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Israeli police arrest fly-in activists
JERUSALEM (AP) — Israel deployed hundreds of police Sunday at its main airport to detain activists flying in to protest the country’s occupation of Palestinian areas in defiance of vigorous Israeli government efforts to block their arrival.
At midafternoon, police spokesman Micky Rosenfeld said a total of 27 activists had landed at Ben-Gurion International Airport. All were denied entry and were to be placed on return flights, he said. Hundreds more were expected throughout the day.
Four Israeli supporters of the fly-in were arrested for causing a disturbance at the main airport terminal after unfurling a banner bearing the protest’s theme, “Welcome to Palestine,” Mr. Rosenfeld said.
Israel is jittery about the prospect of large numbers of protesters arriving because of deadly confrontations with pro-Palestinian activists in the past, notably a naval raid on a Gaza-bound flotilla in May 2010. The activists participating in the fly-in say all planned activities, such as planting trees in the West Bank, are nonviolent and accuse Israel of being unnecessarily heavyhanded.
The effect of the protest was diluted by airlines that canceled the reservations of at least 100 known activists, and perhaps hundreds more, under pressure from Israel.
Interior Ministry spokeswoman Sabine Haddad said Israel had sent a list of suspected activists to international airlines, asking the carriers to block them from boarding Israel-bound flights. It warned the airlines they would have to cover the cost of the activists’ return flights, and the government threatened unspecified sanctions on airlines if they did not comply, she said.
One of the protest’s organizers, Amira Mussalam, said that as of midday, no activists had managed to get out of the airport and make their way to the Israeli-occupied West Bank.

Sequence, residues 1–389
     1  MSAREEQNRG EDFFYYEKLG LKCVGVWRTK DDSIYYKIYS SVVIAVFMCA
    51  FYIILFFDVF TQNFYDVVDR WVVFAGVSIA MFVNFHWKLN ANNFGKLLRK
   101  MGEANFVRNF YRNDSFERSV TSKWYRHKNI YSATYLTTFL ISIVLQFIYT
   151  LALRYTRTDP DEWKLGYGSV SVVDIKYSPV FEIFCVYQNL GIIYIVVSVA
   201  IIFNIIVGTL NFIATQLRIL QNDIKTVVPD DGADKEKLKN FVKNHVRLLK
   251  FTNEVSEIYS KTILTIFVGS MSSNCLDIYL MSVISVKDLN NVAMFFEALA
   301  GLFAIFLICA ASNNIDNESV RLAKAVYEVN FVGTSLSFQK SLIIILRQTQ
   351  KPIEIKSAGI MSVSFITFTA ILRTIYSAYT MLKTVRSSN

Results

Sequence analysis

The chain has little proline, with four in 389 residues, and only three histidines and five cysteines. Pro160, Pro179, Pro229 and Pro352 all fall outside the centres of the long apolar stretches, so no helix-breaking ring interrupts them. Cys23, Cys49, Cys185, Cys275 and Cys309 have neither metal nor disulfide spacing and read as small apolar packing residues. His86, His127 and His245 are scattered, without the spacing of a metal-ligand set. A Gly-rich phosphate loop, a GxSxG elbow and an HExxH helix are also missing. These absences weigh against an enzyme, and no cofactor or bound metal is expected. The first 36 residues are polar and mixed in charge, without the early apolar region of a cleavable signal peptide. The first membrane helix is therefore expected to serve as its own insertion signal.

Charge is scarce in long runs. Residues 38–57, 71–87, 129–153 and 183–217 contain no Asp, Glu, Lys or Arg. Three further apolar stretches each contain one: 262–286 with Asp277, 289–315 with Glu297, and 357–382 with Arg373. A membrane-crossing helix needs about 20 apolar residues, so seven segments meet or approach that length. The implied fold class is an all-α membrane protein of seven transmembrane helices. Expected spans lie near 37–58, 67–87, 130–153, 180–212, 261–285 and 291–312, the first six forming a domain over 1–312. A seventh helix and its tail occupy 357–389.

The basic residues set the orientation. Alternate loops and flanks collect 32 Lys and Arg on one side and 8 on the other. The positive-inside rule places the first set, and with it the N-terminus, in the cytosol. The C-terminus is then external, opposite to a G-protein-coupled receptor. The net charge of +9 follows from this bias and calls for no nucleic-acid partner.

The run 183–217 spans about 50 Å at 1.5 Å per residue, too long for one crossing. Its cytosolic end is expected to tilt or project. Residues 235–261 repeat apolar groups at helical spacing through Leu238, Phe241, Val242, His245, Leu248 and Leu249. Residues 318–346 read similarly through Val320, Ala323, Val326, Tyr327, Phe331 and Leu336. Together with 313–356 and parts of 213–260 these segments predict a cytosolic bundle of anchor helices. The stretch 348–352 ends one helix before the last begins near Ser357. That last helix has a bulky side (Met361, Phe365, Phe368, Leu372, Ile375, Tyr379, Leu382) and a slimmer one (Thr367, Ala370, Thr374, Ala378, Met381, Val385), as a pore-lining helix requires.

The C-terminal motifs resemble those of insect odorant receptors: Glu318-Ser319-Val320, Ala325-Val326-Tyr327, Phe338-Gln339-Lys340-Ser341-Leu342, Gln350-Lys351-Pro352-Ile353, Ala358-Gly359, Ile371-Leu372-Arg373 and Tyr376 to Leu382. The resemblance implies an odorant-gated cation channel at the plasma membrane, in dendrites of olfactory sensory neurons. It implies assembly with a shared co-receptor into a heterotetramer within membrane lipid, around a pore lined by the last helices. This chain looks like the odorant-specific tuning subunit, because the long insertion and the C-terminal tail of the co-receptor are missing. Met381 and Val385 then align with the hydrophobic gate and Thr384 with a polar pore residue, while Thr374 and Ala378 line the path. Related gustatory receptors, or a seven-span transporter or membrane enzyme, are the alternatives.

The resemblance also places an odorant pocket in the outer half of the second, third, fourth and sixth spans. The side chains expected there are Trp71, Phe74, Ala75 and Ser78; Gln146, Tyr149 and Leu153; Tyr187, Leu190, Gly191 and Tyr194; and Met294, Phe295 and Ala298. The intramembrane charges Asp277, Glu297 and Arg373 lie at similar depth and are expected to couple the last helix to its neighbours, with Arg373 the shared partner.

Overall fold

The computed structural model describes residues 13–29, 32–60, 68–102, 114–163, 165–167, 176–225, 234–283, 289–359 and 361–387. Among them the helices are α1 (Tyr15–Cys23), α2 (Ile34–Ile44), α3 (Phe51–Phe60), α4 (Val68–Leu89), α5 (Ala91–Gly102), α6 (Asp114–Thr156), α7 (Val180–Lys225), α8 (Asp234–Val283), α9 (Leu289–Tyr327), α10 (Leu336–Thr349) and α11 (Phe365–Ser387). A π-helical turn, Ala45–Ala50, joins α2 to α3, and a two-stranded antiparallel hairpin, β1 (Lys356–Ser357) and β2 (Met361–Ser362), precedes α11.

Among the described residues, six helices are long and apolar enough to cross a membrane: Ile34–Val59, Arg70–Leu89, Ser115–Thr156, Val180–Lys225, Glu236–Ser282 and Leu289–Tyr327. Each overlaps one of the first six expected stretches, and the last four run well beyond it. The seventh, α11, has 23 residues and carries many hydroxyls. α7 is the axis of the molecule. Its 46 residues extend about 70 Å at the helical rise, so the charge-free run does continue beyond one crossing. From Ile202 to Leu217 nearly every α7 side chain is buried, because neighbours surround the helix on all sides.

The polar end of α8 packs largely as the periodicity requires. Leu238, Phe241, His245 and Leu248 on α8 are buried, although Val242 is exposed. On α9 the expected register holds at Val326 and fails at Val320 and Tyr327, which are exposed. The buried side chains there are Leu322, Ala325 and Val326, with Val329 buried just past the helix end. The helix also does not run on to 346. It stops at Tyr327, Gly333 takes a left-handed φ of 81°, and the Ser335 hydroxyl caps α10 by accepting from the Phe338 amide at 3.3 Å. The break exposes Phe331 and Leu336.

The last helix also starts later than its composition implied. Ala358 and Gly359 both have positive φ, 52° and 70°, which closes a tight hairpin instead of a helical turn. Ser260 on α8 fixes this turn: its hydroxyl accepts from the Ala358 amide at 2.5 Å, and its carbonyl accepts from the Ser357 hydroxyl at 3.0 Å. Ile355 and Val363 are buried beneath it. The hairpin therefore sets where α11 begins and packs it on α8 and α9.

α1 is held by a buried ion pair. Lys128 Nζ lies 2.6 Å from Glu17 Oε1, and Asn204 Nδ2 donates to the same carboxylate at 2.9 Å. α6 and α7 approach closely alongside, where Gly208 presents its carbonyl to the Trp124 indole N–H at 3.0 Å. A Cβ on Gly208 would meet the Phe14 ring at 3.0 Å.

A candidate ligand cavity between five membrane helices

Activists who had been barred from flying to Tel Aviv from airports in Paris and Brussels staged impromptu protests, and Israel Radio reported that activists in Geneva had their passports confiscated.
The protest is meant to draw attention to how Israel controls access into Palestinian areas. The Palestinians claim the West Bank, east Jerusalem and Gaza Strip, all captured by Israel in the 1967 Mideast war, for their future state.
Visitors can reach the West Bank only through Israeli-controlled land crossings or Israeli airports, though at any given time, hundreds of foreigners, including activists, are in the territory.
Travelers headed for Palestinian-controlled areas of the West Bank often report being detained and questioned, sometimes for hours, by Israeli border authorities.
As a result, some lie about their intended destination within the West Bank, where 300,000 Jews live in more than 120 settlements alongside 2.4 million Palestinians.
Ms. Mussalam, the organizer, said participants were told not to hide their intentions. “The aim of ‘Welcome to Palestine‘ is when we have guests coming to Palestine — to Ramallah, Hebron, to Bethlehem — they should be able to say we are going to Palestine and not to lie,” Ms. Mussalam said.
Israel restricts access to the border crossing with the Hamas-controlled Gaza Strip to foreign journalists, diplomats and aid workers. Some 1.6 million Palestinians live there.
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